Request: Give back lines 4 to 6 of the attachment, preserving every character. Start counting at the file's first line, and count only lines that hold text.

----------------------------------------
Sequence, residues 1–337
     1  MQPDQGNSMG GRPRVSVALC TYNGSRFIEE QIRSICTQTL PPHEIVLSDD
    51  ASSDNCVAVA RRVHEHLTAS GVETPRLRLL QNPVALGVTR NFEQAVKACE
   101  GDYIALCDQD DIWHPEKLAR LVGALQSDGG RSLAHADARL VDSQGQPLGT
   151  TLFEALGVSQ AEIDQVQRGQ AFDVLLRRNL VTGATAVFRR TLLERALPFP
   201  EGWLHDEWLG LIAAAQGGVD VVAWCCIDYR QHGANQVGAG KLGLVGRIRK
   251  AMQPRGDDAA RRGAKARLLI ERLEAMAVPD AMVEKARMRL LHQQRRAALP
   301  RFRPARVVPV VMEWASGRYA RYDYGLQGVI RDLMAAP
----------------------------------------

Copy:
   101  GDYIALCDQD DIWHPEKLAR LVGALQSDGG RSLAHADARL VDSQGQPLGT
   151  TLFEALGVSQ AEIDQVQRGQ AFDVLLRRNL VTGATAVFRR TLLERALPFP
   201  EGWLHDEWLG LIAAAQGGVD VVAWCCIDYR QHGANQVGAG KLGLVGRIRK